Coming just one year after Edward Zwick’s Pawn Sacrifice, a biography of the early life of American chess master Bobby Fischer, Disney has released yet another chess picture, Mira Nair’s Queen of Katwe – a true, but far less well-known, story about a young chess prodigy named Phiona Mutesi. It has been said that genius can come from anywhere. Indeed, George Washington Carver was born into slavery. Abraham Lincoln was born in a one-room log cabin. Phiona Mutusi was born into abject poverty in Katwe – the largest of Kampala, Uganda’s slums, in 1996. One of the poorest nations in the world, Uganda is a country in which almost 40% of its population lives on less than $1.25 per day.
Phiona lives in a hut with her mother Nakku Harriet, her two younger brothers, and sometimes her older sister, Night. Night’s motorcycler boyfriend is a pimp who leads Night down the wrong path. At a missionary program, Phiona learns that soccer coach Robert Katende also teaches chess. Curiosity drives Phiona to learn just enough to experience defeating some of her classmates at her newfound game of brains and skill. Her brothers also learn chess. But soon Phiona “outgrows” her classmates, and Robert takes her to tournaments – first within Uganda, then elsewhere in Africa, then to the unofficial chess capital of the world, Russia. As each level of competition intensifies, Phiona becomes a local hero in Kampala – particularly within her own neighborhood.
But Queen of Katwe is not merely a crowd-cheering Rocky retread. No, this film is as much about African slum life as it is any specific individual. While Phiona’s is the story around which the action generates, we also spend time with Robert, and his wife and baby. Robert is actively seeking employment with an engineering firm because he’s not making ends meet with his ministry career. His wife thinks he spends too much time with his chess students, although she takes a liking to Phiona. These are real characters, very well developed by Nair and her screenwriter, William Wheeler. I contrast Queen of Katwe to the recent reboot of The Magnificent Seven. That picture sacrificed character development for action. Although the tournament scenes are plenty exhilarating, this one does not.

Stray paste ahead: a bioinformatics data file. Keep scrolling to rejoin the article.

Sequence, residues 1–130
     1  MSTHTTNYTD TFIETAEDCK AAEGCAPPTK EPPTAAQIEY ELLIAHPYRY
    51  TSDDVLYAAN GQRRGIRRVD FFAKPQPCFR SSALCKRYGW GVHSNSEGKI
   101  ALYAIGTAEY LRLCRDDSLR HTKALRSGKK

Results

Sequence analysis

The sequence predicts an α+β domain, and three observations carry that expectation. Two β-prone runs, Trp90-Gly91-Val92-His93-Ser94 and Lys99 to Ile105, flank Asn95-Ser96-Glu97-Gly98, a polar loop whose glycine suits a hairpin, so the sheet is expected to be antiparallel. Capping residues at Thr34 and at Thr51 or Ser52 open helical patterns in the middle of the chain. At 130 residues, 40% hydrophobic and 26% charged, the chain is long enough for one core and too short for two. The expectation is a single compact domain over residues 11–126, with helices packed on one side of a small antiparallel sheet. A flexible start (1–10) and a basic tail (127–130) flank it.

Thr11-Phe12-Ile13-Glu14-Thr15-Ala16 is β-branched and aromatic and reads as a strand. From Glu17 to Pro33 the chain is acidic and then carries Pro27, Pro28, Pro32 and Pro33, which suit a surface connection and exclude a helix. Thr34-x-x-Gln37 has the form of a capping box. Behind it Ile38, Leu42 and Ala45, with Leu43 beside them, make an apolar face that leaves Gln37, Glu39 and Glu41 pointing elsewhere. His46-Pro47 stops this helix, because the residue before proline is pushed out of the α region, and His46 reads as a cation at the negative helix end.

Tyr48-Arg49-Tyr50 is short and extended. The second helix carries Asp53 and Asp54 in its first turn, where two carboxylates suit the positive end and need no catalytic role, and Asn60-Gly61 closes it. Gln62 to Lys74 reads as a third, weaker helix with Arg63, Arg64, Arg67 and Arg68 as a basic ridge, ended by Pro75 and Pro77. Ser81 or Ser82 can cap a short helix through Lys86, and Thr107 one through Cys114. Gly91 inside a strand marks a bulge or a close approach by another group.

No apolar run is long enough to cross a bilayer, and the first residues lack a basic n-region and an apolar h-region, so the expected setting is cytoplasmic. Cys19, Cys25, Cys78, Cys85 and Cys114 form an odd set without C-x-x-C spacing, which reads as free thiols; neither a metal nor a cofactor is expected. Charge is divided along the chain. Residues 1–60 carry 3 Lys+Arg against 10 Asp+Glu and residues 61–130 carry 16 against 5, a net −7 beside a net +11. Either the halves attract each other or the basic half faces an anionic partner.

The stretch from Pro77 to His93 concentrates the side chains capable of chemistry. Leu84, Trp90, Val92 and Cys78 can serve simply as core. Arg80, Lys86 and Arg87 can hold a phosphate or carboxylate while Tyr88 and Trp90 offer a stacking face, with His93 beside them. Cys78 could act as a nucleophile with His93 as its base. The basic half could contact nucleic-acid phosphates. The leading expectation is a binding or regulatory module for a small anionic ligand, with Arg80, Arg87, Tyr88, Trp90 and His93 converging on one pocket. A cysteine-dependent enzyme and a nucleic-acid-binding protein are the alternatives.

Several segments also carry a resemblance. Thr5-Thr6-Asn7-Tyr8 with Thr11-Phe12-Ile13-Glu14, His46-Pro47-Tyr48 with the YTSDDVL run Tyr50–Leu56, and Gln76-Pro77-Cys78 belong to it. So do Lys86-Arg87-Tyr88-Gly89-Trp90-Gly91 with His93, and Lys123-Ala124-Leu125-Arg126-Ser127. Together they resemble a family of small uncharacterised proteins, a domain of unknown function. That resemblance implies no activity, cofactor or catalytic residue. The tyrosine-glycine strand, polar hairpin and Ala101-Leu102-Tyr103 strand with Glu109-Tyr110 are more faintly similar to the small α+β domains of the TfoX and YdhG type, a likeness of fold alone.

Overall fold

Particularly poignant is a sequence in which Nakku Harriet and her family (including Phiona) are evicted from their apartment, and forced to live on the streets for a couple nights. The scenes of Katwe’s homeless population living under a bridge are hard-hitting and pragmatic, without being overwrought merely to make a point.
The acting is top-notch. Newcomer Madina Nalwanga plays Phiona as a diffident teen, simply trying to help her mother eke out a living and care for her brothers. Her eyes only light up when she’s behind the chessboard – and even then, only when she senses victory. David Oyelowo (from Selma) plays the educated, nurturing Robert. And in the film’s best performance, Oscar-winner Lupita Nyong’o (from Twelve Years a Slave) plays the protective yet supportive Nakku Harriet – torn between encouraging young Phiona while shielding her from the dangers of the outside world.
Nair and Wheeler do fall into the sports cliché trap a time or two, such as when the wealthy private-school Sudanese competitors look down their noses at the Ugandan players. But those moments are few and far between.
Queen of Katwe is a solid, interesting story, told against the backdrop of a place with which most of us are unfamiliar. It is well-written and well-acted. And the chess scenes are actually exciting – unlike those in the interesting but underwhelming Pawn Sacrifice from last year. Queen of Katwe is the second best chess film I’ve seen. Unfortunately, it simply cannot compare to Steve Zaillian’s 1993 film Searching For Bobby Fischer, about the young life of child chess prodigy Joshua Waitzkin. It has nothing to do with Bobby Fischer (other than Fischer is Waitzken’s hero), but Zaillian’s cinematography makes the game of chess truly mesmerizing. Check out that one when you have time, but don’t miss Queen of Katwe this year.
Andy Ray’s reviews also appear on http://www.currentnightandday.com/
And he serves as a film historian for http://www.thefilmyap.com/